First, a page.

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After receiving a GDPR violation warning, ChatGPT leaves Italy

Asserting that the artificial intelligence (AI) chatbot violates European Union privacy regulations and lacks procedures to prevent inappropriate interactions with young children, the Italian data protection authority (DPA) shut down ChatGPT in the nation.

While it looks into the company's operations in Italy, Garante ordered OpenAI, the chatbot's American developer, to stop processing the data of Italian residents. The November-launched ChatGPT is set up to engage in conversations and provide information on countless themes.


Garante stated in a translated news statement on Friday that "[t]here appears to be no legal basis underpinning the massive collection and processing of personal data in order to 'train' the algorithms on which the platform relies."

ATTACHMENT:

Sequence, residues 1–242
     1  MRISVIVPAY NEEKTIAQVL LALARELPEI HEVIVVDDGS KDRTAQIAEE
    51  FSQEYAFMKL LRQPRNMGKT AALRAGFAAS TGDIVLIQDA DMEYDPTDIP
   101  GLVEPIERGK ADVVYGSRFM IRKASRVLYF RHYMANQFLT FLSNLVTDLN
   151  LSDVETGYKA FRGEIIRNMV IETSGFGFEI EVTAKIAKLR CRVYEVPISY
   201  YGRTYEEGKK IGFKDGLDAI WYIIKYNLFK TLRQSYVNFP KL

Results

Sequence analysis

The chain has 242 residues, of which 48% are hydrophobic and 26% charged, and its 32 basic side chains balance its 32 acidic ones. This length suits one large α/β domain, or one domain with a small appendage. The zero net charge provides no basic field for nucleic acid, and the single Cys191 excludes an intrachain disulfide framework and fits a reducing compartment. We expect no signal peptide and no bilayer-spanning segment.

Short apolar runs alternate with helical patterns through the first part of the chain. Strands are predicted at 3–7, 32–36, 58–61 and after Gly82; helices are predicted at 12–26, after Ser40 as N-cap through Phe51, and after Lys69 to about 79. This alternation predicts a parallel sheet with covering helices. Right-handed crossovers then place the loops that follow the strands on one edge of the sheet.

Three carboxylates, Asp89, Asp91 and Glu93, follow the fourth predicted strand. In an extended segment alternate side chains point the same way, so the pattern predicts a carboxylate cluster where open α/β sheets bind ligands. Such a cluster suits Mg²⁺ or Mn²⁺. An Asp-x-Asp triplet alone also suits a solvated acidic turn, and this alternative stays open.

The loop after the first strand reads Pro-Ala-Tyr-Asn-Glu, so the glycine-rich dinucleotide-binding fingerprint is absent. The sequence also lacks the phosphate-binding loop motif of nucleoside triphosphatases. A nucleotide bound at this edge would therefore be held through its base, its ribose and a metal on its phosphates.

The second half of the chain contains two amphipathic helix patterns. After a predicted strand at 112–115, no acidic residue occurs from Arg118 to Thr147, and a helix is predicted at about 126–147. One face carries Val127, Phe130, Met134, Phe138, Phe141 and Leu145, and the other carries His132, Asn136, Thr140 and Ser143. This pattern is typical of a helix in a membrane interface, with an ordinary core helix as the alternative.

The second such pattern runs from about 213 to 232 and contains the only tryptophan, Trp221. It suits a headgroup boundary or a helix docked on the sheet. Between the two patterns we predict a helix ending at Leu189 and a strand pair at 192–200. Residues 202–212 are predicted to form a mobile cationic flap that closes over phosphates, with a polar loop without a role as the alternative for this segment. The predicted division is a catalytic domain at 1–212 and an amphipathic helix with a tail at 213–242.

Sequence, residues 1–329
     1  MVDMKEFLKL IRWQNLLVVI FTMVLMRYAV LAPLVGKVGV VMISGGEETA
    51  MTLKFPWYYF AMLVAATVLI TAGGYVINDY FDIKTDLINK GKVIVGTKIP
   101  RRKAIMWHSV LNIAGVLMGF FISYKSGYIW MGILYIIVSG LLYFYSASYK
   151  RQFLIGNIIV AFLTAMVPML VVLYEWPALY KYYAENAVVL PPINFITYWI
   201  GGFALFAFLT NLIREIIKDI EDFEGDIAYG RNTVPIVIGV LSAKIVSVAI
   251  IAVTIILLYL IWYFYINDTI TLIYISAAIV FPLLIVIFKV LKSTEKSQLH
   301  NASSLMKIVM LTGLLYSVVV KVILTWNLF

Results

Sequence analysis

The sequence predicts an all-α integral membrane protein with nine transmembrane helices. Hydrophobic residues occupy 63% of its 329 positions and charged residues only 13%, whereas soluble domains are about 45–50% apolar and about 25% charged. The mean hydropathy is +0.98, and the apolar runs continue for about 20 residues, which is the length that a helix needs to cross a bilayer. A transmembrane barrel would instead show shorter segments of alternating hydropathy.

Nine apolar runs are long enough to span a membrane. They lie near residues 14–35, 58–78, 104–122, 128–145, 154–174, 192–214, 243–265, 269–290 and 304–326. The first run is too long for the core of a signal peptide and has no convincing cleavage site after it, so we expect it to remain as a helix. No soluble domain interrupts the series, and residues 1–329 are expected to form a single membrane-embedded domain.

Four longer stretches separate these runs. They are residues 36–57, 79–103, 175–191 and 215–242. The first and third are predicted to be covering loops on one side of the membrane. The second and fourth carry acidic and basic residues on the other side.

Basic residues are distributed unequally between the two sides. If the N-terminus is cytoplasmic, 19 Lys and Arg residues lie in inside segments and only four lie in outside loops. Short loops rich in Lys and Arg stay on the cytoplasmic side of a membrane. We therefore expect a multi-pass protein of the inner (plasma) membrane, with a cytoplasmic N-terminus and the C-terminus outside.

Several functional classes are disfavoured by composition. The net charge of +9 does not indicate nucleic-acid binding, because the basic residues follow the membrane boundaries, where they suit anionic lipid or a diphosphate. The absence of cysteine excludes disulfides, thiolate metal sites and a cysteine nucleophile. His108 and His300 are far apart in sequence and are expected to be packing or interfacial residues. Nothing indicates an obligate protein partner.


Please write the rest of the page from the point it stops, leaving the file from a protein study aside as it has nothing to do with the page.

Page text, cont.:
Although being intended for users older than 13, ChatGPT does not require age verification, according to the DPA. According to the agency, this "exposes children to receiving responses that are absolutely inappropriate to their age and awareness."


Garante also mentioned a data breach that ChatGPT allegedly suffered last month that exposed subscribers' payment information and conversations.


Under the General Data Protection Regulation, OpenAI is required to react to the DPA's concerns within 20 days or risk a fine of up to 20 million euros (U.S. $21.8 million) or 4% of annual turnover (GDPR).


According to a report from TechCrunch, OpenAI released a message to users in Italy informing them that it will provide refunds to subscribers and temporarily stop any new subscriptions or renewals in the country.


"We of course defer to the Italian government and have ceased offering ChatGPT in Italy (though we think we are following all privacy laws)," stated OpenAI CEO Sam Altman on Twitter.


ChatGPT is also banned in China, Iran, North Korea, and Russia.

By fLEXI tEAM


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